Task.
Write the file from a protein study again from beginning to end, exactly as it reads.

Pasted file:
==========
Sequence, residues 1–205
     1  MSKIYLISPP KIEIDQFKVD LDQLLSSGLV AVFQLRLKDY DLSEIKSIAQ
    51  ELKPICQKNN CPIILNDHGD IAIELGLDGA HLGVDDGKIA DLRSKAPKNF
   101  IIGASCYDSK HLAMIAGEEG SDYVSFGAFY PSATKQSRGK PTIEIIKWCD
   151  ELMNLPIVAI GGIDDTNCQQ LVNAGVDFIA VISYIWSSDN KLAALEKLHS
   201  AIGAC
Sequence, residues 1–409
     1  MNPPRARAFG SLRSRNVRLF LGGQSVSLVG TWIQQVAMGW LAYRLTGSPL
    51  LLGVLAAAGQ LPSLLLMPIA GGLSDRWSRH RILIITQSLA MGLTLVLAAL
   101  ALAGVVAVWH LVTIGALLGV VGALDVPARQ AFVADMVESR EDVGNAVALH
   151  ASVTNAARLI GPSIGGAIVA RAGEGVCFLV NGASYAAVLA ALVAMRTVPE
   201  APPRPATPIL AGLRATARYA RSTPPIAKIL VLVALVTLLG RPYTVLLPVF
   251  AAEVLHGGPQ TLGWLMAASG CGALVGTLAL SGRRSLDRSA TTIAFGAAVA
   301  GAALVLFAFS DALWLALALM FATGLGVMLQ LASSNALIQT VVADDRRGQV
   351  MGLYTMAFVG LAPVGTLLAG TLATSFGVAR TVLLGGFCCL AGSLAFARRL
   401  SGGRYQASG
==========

Sequence, residues 1–205
     1  MSKIYLISPP KIEIDQFKVD LDQLLSSGLV AVFQLRLKDY DLSEIKSIAQ
    51  ELKPICQKNN CPIILNDHGD IAIELGLDGA HLGVDDGKIA DLRSKAPKNF
   101  IIGASCYDSK HLAMIAGEEG SDYVSFGAFY PSATKQSRGK PTIEIIKWCD
   151  ELMNLPIVAI GGIDDTNCQQ LVNAGVDFIA VISYIWSSDN KLAALEKLHS
   201  AIGAC
Sequence, residues 1–409
     1  MNPPRARAFG SLRSRNVRLF LGGQSVSLVG TWIQQVAMGW LAYRLTGSPL
    51  LLGVLAAAGQ LPSLLLMPIA GGLSDRWSRH RILIITQSLA MGLTLVLAAL
   101  ALAGVVAVWH LVTIGALLGV VGALDVPARQ AFVADMVESR EDVGNAVALH
   151  ASVTNAARLI GPSIGGAIVA RAGEGVCFLV NGASYAAVLA ALVAMRTVPE
   201  APPRPATPIL AGLRATARYA RSTPPIAKIL VLVALVTLLG RPYTVLLPVF
   251  AAEVLHGGPQ TLGWLMAASG CGALVGTLAL SGRRSLDRSA TTIAFGAAVA
   301  GAALVLFAFS DALWLALALM FATGLGVMLQ LASSNALIQT VVADDRRGQV
   351  MGLYTMAFVG LAPVGTLLAG TLATSFGVAR TVLLGGFCCL AGSLAFARRL
   401  SGGRYQASG